05 January 2009

Emily Bronte's Wuthering Heights

This is the Best Adaptation of Wuthering Heights. Ever.
By Kristin Battestella

Wuthering Heights (1992)I would never takeaway from Laurence Olivier and his 1939 classic Wuthering Heights, but the tweaks made for that staple adaptation distract from the original gothic novel by Emily Bronte. Fortunately, the aptly named 1992 Emily Bronte’s Wuthering Heights captures the depressing love and gothic spirit of the 1847 novel with haunting locales and beautiful performances.
 
When Mr. Earnshaw brings the lonely gypsy boy Heathcliff to his home Wuthering Heights, daughter Catherine and the boy quickly become soul mates. Cathy’s older brother Hindley, however, is jealous of Heathcliff’s favor. Once their father has died, Hindley turns Heathcliff into a servant in the house hold, although faithful maid and cook Ellen Dean remains the go between for Cathy and Heathcliff. Unfortunately, Cathy chooses the company of the wealthy Thrushcross Grange neighbor Edgar Linton, and Heathcliff runs away. Two years after Cathy marries Edgar, Heathcliff returns, himself wealthy. He buys Wuthering Heights and uses his power to ruin the Lintons and the Earnshaws, Cathy, and himself.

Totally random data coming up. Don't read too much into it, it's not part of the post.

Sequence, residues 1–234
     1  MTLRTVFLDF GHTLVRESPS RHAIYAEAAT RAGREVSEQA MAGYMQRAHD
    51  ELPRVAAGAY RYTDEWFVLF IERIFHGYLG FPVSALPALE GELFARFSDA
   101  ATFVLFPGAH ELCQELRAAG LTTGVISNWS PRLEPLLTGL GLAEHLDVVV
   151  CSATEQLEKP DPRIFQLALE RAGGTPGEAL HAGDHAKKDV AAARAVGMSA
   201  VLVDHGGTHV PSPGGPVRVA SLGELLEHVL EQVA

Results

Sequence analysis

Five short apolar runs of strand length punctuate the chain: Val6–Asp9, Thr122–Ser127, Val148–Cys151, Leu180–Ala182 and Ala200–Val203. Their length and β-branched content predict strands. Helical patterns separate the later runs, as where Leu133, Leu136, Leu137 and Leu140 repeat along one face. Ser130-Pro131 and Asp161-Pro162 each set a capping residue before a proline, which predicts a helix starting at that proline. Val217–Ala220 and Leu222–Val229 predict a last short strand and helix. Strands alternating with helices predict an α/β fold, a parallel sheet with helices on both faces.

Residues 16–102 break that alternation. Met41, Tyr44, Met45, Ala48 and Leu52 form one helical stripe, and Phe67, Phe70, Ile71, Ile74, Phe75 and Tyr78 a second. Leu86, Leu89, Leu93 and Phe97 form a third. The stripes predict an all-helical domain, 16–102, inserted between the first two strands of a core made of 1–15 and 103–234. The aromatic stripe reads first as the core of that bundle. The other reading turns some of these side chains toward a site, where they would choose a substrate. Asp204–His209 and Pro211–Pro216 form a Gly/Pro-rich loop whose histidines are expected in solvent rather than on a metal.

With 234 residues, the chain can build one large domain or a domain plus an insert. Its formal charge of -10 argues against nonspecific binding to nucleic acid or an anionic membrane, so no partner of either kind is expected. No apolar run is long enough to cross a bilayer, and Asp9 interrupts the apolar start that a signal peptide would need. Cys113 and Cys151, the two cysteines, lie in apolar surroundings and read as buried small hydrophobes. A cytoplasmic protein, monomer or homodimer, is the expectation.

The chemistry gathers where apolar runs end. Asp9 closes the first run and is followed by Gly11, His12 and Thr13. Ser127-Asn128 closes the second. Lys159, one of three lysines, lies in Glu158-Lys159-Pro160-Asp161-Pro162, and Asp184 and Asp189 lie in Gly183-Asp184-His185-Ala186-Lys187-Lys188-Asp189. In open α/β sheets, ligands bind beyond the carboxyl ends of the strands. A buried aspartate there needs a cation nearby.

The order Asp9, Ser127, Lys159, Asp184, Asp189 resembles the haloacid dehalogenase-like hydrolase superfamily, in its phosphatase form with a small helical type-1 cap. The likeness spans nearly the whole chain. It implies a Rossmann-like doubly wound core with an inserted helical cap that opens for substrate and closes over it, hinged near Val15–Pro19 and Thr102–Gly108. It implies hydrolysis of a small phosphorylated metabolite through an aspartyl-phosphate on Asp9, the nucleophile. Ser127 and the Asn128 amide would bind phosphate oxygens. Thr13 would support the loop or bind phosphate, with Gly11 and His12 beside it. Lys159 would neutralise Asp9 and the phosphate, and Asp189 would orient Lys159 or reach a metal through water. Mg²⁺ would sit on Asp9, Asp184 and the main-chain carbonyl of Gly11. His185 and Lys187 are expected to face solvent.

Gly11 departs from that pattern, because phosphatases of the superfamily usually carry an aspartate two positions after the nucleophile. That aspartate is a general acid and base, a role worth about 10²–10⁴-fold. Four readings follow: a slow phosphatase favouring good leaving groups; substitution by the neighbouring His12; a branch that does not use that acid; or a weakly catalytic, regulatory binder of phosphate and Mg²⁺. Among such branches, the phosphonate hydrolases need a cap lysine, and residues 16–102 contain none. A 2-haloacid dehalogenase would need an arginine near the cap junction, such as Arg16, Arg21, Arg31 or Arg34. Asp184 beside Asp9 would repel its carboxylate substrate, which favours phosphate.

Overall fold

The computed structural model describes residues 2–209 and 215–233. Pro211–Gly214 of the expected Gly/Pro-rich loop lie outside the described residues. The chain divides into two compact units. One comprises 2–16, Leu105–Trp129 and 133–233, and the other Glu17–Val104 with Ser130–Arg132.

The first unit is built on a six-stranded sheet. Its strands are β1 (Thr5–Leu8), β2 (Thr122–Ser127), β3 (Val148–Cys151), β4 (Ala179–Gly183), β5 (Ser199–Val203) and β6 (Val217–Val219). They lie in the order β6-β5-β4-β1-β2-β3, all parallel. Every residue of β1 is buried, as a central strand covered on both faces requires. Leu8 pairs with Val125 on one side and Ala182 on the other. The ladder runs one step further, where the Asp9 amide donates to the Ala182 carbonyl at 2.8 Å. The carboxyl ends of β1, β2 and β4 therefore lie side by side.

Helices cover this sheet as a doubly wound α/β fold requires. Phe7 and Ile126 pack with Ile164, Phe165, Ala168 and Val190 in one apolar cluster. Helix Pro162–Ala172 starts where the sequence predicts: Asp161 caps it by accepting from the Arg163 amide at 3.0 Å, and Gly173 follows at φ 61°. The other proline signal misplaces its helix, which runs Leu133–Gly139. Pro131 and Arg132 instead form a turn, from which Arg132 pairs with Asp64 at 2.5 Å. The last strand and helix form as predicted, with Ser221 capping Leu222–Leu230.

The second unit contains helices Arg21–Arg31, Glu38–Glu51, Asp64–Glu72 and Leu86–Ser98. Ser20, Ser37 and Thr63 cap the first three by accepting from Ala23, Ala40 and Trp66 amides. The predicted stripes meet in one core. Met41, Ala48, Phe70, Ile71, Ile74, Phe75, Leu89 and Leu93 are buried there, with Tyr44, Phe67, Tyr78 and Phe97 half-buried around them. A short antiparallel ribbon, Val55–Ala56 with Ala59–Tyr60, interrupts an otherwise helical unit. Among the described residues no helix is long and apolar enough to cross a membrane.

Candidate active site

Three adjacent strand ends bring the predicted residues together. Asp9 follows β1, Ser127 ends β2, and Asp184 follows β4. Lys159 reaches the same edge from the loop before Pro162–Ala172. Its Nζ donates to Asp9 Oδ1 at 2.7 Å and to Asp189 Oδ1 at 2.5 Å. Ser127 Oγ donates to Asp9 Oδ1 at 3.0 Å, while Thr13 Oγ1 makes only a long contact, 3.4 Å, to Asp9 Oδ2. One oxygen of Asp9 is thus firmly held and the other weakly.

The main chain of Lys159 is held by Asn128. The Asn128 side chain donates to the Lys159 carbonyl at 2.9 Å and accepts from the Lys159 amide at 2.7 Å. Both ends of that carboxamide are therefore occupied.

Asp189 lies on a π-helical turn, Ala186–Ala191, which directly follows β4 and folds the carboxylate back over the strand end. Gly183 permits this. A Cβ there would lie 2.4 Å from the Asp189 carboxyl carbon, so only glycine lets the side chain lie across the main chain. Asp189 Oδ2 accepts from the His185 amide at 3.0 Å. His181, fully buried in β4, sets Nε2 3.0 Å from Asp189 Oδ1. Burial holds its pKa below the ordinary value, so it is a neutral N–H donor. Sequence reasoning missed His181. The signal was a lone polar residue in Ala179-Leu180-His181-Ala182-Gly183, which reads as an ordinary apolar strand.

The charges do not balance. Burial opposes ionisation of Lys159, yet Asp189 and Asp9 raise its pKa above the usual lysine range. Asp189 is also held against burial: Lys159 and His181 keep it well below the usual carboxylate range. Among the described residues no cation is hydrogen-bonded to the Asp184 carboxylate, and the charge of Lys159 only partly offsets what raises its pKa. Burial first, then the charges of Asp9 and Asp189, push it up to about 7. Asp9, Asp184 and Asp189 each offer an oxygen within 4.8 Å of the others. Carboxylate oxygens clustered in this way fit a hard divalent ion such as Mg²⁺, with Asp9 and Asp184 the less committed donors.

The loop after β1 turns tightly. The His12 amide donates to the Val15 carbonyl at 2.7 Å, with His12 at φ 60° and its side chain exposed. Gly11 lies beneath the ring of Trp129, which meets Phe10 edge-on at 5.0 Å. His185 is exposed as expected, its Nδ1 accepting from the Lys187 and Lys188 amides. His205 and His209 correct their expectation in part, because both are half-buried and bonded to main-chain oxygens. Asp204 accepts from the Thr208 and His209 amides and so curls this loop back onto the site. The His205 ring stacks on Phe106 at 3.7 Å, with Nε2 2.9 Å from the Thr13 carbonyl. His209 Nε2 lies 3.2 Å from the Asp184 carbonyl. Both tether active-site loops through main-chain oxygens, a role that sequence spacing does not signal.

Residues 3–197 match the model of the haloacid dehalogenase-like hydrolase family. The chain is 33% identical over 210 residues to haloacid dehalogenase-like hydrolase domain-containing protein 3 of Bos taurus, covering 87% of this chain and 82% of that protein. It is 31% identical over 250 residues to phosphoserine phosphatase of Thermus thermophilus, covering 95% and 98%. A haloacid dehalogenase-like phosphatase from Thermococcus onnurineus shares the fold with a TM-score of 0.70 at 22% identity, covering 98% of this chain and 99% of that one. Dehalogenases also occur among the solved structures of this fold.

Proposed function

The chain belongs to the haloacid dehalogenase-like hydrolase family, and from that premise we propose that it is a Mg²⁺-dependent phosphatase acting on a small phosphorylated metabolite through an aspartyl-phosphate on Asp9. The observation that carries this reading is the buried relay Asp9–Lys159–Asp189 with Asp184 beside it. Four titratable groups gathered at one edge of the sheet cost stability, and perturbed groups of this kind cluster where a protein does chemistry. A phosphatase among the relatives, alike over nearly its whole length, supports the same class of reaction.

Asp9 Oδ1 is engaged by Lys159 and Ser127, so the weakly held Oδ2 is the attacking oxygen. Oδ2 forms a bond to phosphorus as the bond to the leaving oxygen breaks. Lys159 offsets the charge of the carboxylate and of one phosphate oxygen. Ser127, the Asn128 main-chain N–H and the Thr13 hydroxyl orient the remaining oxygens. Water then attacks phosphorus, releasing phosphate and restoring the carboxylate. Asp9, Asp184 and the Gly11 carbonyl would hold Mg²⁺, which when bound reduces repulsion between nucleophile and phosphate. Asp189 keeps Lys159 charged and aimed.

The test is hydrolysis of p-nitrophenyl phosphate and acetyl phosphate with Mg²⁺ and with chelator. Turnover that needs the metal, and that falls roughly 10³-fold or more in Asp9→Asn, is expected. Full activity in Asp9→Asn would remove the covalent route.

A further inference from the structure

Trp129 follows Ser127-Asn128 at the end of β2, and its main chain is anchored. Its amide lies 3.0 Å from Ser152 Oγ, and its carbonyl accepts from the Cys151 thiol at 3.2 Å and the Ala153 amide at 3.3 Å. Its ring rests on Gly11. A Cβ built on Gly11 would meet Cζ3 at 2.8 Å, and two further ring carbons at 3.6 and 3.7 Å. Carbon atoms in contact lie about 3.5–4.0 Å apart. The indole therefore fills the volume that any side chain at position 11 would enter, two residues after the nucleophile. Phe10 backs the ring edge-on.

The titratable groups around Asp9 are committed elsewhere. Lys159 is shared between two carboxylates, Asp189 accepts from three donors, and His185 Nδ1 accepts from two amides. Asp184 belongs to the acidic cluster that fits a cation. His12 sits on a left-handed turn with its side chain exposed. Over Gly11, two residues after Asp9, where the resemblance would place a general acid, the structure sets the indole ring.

Although the story is well known, I don’t wish to give everything away. Even if you know nothing of the source novel, Emily Bronte’s Wuthering Heights is still darn good drama about love and loss and the effects of wealth, power, and social class and how these things can shape the fortune-or misfortune- of others.